At 29, Diana Presley is just glad to be alive.
Without the help of the Family Counseling Center in Cape Girardeau, Presley believes, illegal drugs would have killed her.
"I was homeless when I got here. I had nowhere to go," said Presley, who sought help from the counseling center last December.
A methamphetamine user, she was drugged out most of the time and could barely communicate. "When I got here I couldn't put a sentence together," she said.
She spent more than three months in the treatment center. With the aid of counselors, she broke her longtime addiction to drugs and alcohol.
On Thursday, she was among some 25 former drug addicts and alcoholics who returned to the center at 20 S. Sprigg St. to celebrate the not-for-profit organization's 30th anniversary.
A crowd of about 50 former and current clients who crowded into a meeting room in the center to celebrate the anniversary.
"I have never seen a more giving staff," Presley said.
She now works at a local grocery store. She plans to enroll next fall at Southeast Missouri State University.
The counseling center started 30 years ago in the basement of a church in Kennett, Mo. The organization is still headquartered in Kennett, but now also has facilities in Hayti, Braggadocio, Poplar Bluff, Piedmont and West Plains.
The center has operated in Cape Girardeau since 1987. It opened its current facility across from the main fire station in Cape Girardeau in 1999, clinical supervisor Jim Ray said. The local center can house 30 women at time. The organization gets Medicaid and other state funding. It also charges clients based on their ability to pay.
Over the years, the organization has helped thousands of addicts, most of them women, with both inpatient and outpatient services. The Cape Girardeau facility only deals with female clients.
"We are treating about 6,000 people a year," said Myra Callahan, chief executive officer for the organization.
State Rep. Nathan Cooper showed up at the Cape Girardeau facility to present Callahan with a resolution from the Missouri House of Representatives recognizing the efforts of Family Counseling Center Inc.
"Today we celebrate 30 years of recovery, 30 years of people getting their lives back in order," Cooper said.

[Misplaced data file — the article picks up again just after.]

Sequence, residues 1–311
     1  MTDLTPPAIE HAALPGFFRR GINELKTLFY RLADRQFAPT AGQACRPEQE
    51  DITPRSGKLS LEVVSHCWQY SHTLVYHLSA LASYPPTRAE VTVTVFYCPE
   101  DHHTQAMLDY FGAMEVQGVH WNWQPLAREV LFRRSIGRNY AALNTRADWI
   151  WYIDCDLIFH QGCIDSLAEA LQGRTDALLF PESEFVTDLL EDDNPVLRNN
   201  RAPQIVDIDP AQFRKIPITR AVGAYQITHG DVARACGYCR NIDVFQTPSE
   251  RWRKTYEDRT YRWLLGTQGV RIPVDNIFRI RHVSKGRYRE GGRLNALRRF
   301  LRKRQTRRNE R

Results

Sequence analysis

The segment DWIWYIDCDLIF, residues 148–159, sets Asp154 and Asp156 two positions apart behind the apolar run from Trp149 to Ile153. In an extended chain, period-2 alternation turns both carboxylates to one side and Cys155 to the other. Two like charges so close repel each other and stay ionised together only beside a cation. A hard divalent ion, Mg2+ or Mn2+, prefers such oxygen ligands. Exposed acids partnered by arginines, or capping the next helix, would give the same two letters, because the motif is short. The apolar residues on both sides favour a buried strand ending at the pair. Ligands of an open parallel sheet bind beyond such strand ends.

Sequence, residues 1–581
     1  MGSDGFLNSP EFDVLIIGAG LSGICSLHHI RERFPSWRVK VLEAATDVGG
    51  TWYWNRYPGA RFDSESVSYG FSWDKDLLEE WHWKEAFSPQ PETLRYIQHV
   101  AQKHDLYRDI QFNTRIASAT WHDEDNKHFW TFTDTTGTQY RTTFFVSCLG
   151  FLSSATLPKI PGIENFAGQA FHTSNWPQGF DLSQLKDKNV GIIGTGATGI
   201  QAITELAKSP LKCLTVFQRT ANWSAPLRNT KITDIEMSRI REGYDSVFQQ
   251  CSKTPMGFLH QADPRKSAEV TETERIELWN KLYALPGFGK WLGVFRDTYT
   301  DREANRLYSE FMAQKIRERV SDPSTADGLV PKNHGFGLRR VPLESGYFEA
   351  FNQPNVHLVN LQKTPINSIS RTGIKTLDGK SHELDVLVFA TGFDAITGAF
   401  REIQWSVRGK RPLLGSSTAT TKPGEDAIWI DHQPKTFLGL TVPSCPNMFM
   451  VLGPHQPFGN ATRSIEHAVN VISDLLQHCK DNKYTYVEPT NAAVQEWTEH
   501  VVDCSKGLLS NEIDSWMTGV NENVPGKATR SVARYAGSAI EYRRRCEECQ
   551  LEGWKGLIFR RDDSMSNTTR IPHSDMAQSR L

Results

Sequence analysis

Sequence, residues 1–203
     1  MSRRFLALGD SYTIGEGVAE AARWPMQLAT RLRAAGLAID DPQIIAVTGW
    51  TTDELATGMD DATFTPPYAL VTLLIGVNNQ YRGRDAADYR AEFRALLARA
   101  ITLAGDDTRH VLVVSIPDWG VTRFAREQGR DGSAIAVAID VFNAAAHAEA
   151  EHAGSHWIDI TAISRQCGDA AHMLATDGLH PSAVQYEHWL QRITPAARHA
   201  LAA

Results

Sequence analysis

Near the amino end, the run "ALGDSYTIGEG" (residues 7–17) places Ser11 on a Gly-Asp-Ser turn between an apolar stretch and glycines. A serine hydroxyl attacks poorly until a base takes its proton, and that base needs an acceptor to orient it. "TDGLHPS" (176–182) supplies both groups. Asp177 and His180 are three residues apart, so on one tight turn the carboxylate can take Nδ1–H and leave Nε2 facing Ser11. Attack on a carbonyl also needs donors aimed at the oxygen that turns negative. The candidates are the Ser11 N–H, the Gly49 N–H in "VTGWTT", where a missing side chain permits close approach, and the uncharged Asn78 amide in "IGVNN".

Presley, who grew up in Old Monroe, Mo., northwest of the St. Charles area, started drinking heavily when she was 12 years old. "It quickly became an every-weekend thing," she recalled. The daughter of alcoholic parents, she routinely drank whiskey. By the time she was 15, she was also addicted to methamphetamine and cocaine.
She dropped out of high school in her junior year. At the age of 18, she took a job as a hotel maid. She was so drugged out, she often passed out on hotel beds. At times, she was too sick to walk.
"I never could hold a job for long," she said. She was repeatedly hospitalized for drug overdoses. "I was suicidal."
Presley was in and out of "psych wards" and treatment centers. She said she lived in "dope houses" and hung out with other drug addicts.
Her twin sister died five years ago as a result of a traffic accident while driving drunk. Her father died three years ago from liver and colon cancer caused by his alcohol addiction, Presley said.
She was briefly married. She said her husband mentally and physically abused her. She left him in July 2005 but not her problems of drug and alcohol addiction.
Presley said she enrolled in the Cape Girardeau treatment program in a last-ditch effort to break her addictions.
Ray said drug and alcohol addictions are difficult to break. "Alcohol is usually your first drug and your last drug if you stay out there long enough," he said.
Ray said the counseling center doesn't succeed with every client. Some enroll voluntarily. Others are sent to the center by the courts.
The center has succeeded in turning around the lives of many clients, he said. The key, he said, is getting the clients to feel good about themselves. "We treat them like they are great," he said.
As for Presley, she has plenty to smile about these days. She and her boyfriend are talking about getting married.
"I wish there were more facilities like this one," she said.
As it turned out, she said, Cape Girardeau has proven a good place to turn around her life. "It is a great recovery town," she said.
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